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AARP ENDORSEMENT OF REFORM MAY BE FINANCIALLY MOTIVATED

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The nation's largest seniors' group threw its endorsement to the leading Democratic health-care bills because, its leaders say, "we wanted to make a clear statement to our members that these are two good bills."

But the fine print of the health plan proposed by Sen. George Mitchell, D-Maine, suggests that the high-minded rhetoric of the American Association of Retired Persons papers over the bottom line.Tucked away in the 1,443-page Mitchell health-care bill is a sweetener that the senior citizens' lobby may have found irresistible: A clause that largely exempts mail-order pharmaceutical firms from the stringent cost controls contained in a prescription drug benefit for the elderly. Not coincidentally, AARP currently owns a stake in one of America's oldest and largest mail-order prescription drug companies.

If the Mitchell bill becomes law, this clause could mean extra wealth for what's already become a cash cow for America's largest advocacy group.

"It certainly appears to line the pockets of the AARP leadership," a senior Republican health care staffer said. "It's flabbergasting how blatant this is, how a special interest benefits from the Clinton/Mitchell bill."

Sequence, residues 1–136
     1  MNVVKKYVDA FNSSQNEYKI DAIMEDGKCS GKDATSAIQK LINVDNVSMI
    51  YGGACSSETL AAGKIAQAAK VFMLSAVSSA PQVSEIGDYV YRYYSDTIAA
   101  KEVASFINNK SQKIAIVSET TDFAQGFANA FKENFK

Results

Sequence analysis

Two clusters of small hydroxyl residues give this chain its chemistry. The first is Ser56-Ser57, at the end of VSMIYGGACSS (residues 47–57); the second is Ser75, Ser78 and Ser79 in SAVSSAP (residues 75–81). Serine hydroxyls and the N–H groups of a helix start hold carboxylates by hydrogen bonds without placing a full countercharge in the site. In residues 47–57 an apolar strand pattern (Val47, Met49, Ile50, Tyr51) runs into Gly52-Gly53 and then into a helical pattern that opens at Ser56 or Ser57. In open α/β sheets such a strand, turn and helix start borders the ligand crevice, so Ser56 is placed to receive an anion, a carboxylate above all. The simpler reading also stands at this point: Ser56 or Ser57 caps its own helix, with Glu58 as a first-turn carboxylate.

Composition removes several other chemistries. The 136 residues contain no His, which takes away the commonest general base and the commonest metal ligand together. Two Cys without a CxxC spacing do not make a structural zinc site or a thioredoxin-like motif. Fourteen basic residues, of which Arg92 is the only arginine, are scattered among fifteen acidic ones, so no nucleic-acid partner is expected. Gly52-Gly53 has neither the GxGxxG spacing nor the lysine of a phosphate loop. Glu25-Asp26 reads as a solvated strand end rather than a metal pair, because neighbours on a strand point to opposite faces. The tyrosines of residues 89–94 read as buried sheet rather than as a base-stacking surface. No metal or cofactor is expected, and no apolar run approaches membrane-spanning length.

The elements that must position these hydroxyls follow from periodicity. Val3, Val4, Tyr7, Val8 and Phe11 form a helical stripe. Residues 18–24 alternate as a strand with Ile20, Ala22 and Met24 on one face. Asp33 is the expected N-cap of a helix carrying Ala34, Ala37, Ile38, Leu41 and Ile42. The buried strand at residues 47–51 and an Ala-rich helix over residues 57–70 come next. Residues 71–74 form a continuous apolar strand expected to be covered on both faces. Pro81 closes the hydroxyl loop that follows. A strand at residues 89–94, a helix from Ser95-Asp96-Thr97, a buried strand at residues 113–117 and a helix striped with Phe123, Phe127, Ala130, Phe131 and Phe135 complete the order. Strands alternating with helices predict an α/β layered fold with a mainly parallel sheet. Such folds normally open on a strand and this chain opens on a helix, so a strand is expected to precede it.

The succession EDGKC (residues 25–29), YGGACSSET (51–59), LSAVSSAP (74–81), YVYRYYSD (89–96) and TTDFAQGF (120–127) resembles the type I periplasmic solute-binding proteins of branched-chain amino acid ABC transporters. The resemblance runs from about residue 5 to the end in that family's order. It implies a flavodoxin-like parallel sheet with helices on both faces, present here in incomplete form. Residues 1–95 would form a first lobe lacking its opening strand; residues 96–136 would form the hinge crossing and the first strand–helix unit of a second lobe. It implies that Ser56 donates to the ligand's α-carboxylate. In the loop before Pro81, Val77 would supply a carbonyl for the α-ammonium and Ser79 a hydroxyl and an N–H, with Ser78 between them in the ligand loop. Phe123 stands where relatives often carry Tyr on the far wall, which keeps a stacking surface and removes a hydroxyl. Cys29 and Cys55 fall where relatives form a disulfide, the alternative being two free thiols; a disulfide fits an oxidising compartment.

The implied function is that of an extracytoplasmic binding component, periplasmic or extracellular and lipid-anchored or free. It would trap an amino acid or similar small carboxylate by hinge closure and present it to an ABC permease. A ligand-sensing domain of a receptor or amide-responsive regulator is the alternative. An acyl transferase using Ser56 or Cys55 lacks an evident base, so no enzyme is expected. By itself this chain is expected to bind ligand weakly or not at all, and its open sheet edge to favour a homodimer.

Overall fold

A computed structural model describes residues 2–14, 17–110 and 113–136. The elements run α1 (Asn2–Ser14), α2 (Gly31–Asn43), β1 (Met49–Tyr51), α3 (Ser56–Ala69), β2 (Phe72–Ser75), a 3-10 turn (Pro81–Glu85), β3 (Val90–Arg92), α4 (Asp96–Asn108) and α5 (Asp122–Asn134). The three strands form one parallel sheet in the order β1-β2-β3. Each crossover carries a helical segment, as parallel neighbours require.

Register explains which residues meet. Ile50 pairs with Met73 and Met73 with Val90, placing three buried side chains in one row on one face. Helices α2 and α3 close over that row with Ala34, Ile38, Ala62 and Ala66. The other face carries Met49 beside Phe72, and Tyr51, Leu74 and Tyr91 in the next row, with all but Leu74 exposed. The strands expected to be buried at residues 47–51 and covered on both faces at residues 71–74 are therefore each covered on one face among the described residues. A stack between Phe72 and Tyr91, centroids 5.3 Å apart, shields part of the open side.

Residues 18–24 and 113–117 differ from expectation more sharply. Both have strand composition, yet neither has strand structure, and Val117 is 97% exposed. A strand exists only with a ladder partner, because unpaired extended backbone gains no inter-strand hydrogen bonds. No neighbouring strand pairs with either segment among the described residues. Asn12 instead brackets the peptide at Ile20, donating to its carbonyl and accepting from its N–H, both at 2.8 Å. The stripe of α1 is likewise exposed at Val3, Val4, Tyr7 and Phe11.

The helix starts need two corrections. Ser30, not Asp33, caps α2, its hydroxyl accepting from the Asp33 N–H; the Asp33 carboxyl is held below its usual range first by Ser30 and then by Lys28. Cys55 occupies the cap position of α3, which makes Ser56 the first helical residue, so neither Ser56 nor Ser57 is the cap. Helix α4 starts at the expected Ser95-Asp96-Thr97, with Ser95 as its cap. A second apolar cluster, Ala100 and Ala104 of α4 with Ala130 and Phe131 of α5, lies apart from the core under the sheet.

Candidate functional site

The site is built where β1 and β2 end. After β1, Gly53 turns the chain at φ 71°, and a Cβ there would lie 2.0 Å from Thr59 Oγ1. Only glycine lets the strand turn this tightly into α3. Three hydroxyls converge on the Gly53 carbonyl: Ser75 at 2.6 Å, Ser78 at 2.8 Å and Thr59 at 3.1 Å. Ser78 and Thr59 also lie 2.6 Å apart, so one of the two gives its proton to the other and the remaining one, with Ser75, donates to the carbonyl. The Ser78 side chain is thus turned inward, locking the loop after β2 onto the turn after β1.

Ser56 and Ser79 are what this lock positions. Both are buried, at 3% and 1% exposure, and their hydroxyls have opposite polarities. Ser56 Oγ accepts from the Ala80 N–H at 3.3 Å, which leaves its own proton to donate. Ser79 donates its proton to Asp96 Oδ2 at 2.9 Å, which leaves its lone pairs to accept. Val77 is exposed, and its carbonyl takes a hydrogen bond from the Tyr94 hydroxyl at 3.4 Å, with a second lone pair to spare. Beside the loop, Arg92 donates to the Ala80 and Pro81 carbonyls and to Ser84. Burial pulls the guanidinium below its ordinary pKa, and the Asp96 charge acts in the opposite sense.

Officials at AARP vehemently deny that their endorsement of the Mitchell plan (the group also endorsed a similar plan in the House proposed by Majority Leader Richard Gephardt, D-Mo.) had anything to do with financial interest.

"At no time in this debate, or any previous debate, have we ever gone up (to Congress) and said that this would be good (for business)," a senior AARP lobbyist told our associate Jan Moller. "The board (of directors) looks at what's good for the members, not what's going to be good for the organization from a proprietary standpoint." Mitchell's office did not comment in time for this column.

The prescription drug rift illustrates a fundamental paradox within AARP: While its political clout is drawn from its 33 million members, much of its funding comes from affiliated businesses like mail-order drugs. Membership dues accounted for less than one-third of AARP's $455 million operating revenue in 1993, with the rest of its income deriving from a variety of investments and business interests.

Although AARP does not own the prescription drug business, called Retired Persons Services Inc., it receives a royalty of 1 percent of all revenues in exchange for endorsing its products. AARP's leadership also appoints four of the eight members of RPS's board of directors. RPS officials would not divulge its total revenues, but according to AARP's annual report, the association took in more than $30 million in royalties last year from all sources.

If the Mitchell bill is good medicine for the general public and the health care system, it will also be a shot in the arm for AARP.